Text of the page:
Preparing for a trip to Angkor is a forbidding task and a recommended academic exercise you will not regret.

Our introduction to Angkor was a beer by the same name. Nobody warns you that a visit to the temples of Angkor will be as hot and exhausting as it will be memorable. And nothing really prepares you (not even the beer) for the vastness of the temple complex or the crowds. Easing ourselves into Angkor by first exploring the satellite temples – no less significant than Angkor Wat – we saved the latter for a grand finale.

From Siem Reap, the road to Angkor and its temples is carved through a forested area that had startled the French naturalist Henri Mouhot in 1863. He went on to share this ancient Khmer secret with the world and the rest is history. A serene melancholia envelops these stone edifices located amid their leafy environs. Signs saying ‘This area has been cleared of minefields’ abound; certain temples urge you not to stray from the usual path for fear of active landmines and others even forbid entry unless you’re accompanied by a guide who can lead you through them. Siem Reap and Angkor, like the rest of Cambodia, will be etched in our minds as the scene of unspeakable carnage; the beauty of the temples is a solemn one.

The erstwhile capital of the Khmer empire, among the most prominent in Southeast Asia, Angkor is a fitting representative of lost civilizations. Given the abundance of beautiful ruins in the region, temples are divided by significance into the Big Circuit and the Little Circuit. Alternately, they may be divided geographically or by historical significance. The architecture is divided into nine periods beginning with the 9th century Roluos temples.

Preparing for a trip to Angkor is a forbidding task and a recommended academic exercise you will not regret. Guides need to be booked in advance, especially during tourist season, but many are mediocre in their interpretation of history or limited in their knowledge. A more satisfying way to discover Angkor is to chart your own route and explore the temples at your own pace, armed with some basic knowledge and with a reliable book in tow. We found the easily available Ancient Angkor by Michael Freeman and Claude Jacques (beware of pirated copies) to be an excellent guide that allowed us to sit on the stone steps of the Bakong temple at leisure and immerse ourselves in its history, enjoy a sunset at Pre Rup and identify for ourselves the sculptures of Banteay Srei. The recurring Hindu imagery is familiar with its Nandi, Lingas, Apsaras, Nagas, Devas, Asuras and sculptural representation of stories from the epics. Look out for the Sanskrit inscriptions carved in the doorway.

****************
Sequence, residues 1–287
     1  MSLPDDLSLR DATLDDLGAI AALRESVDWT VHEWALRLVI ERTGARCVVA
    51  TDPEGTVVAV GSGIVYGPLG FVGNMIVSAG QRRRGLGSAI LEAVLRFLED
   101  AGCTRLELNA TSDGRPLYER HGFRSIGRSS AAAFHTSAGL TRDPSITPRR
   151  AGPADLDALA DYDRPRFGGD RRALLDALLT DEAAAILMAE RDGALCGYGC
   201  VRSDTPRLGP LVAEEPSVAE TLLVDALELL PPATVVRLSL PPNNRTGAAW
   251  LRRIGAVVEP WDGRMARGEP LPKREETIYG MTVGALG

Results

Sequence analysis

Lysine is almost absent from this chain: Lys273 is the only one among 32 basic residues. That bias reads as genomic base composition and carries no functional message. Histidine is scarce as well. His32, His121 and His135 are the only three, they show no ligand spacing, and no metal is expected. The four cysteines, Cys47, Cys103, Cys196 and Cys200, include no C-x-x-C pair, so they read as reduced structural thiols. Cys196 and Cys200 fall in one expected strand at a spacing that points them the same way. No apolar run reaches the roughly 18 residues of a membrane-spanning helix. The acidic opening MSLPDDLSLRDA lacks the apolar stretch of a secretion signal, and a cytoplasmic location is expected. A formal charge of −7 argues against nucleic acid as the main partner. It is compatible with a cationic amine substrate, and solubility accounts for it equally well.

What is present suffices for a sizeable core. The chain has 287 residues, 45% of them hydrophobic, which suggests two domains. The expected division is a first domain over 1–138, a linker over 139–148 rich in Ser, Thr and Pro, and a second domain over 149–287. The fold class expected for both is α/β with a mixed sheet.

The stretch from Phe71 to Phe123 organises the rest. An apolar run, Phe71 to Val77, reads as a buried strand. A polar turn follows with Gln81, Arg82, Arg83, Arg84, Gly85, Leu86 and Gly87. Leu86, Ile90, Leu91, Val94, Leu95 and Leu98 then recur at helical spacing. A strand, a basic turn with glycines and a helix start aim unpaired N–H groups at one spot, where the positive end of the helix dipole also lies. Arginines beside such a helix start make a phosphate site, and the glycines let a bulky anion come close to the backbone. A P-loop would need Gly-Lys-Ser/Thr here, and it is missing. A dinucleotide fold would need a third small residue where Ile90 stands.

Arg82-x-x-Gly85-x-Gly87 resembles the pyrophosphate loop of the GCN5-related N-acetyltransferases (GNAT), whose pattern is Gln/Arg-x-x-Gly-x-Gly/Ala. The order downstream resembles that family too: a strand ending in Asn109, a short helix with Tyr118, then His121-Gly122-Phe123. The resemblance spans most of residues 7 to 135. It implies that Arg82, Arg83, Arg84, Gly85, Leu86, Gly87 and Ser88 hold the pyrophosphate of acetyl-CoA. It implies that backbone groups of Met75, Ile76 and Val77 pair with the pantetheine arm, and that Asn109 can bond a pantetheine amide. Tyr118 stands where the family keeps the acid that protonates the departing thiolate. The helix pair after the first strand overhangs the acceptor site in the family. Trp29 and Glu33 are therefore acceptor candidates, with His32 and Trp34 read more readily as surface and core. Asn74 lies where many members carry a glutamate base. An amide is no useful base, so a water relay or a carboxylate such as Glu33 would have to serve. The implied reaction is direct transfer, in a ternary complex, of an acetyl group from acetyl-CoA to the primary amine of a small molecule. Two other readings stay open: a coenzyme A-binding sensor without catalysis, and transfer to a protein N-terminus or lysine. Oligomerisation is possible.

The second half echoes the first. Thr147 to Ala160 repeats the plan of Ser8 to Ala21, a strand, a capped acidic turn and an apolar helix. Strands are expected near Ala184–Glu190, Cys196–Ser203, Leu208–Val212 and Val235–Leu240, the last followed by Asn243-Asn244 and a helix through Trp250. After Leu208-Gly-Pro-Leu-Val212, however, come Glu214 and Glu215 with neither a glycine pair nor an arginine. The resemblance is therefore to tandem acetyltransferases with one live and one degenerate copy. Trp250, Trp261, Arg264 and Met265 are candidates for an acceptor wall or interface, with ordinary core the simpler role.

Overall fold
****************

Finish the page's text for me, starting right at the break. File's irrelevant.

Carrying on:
The French film, Two Brothers (2004) – a tale about tiger siblings – was shot at Ta Prohm and used 30 tigers for the lead roles as the cub-actors began to grow up during the making of the film. With its stone walls seemingly held in place by giant tree trunks and embraced by gnarly vines, the temple is better known for its association with the Hollywood production Tomb Raider, and attracts its share of crowds. Today, Beng Mealea is more pristine. Like the remains of the Angkor-inspired King Louie’s palace in Jungle Book, this half-formed temple emerges from amid heaps of rubble yet to be pieced together like a jigsaw puzzle. Meanwhile, a 2 km trek leads to a reclining Vishnu, Brahma and hundreds of lingas carved into a riverbed at Kbal Spean. A visit to Angkor is not without adventure. For trekking enthusiasts there are routes up Phnom Kulen – Cambodia’s Mount Meru – past more such riverbed sculptures, temples and other archaeological treasures.

However, nothing prepares you for the sheer scale and magnificence of Angkor Wat and Angkor Thom that preside wisely over their surroundings. If Banteay Srei, with its figures from the Hindu pantheon and Sanskrit inscriptions, was reminiscent of Chola architecture then the mysterious faces of the Bayon resemble the Easter Island statues, and Baphuon with its gigantic stone steps looks like a distant relative of the Mayan pyramids.

Finally, decide against better judgment, swallow your purist’s pride and join the throngs of tourists for sunrise at Angkor Wat. Find yourself an elevated spot in the background, plug in your earphones and play Grieg’s Morning Mood for the most dramatic few moments of your travelling life.



Essential Temples: Angkor Wat, Angkor Thom (home to Bayon)

Our Pick: Preah Khan, Neak Pean, Ta Som, Mebon, Banteay Kdei and Srah Sang, Pre Rup, Banteay Srei, Beng Mealea, Kbal Spean, Bakong (Roluos Group), Ta Prohm, Chao Say Tevoda

Plan: A minimum of 4 days for Angkor. November to February is when the heat is bearable, but not the crowds

Stay: The quiet, verdant Palm Village Resort & Spa, located between Angkor and Siem Reap, is a cluster of independent Khmer-style bamboo cottages with a pool and spa. Good service and value for money. Provides car hire.

Eat: Fish Amok at The Sugar Palm

‘Insect tapas’ at Bugs Café. This includes dishes such as wok-fried silkworms, green papaya salad with scorpions, and tarantula samosas.

Drink: Angkor Beer after a long day at the temples. Cocktails at the retro Miss Wong

Shop: Handcrafted ceramic and other products at Khmer Ceramics Fine Arts Centre 

Handcrafted miniature wooden sampans and coconut shell bowls with lacquerware at the Angkor Night Market.

Read: A Dragon Apparent by Norman Lewis, Ancient Angkor by Michael Freeman and Claude Jacques

Watch: Lord Jim (English, 1965), In the Mood for Love (Chinese, 2000), Two Brothers (French, 2004)

Experience: Check local listings for shadow-puppet shows hosted by local restaurants.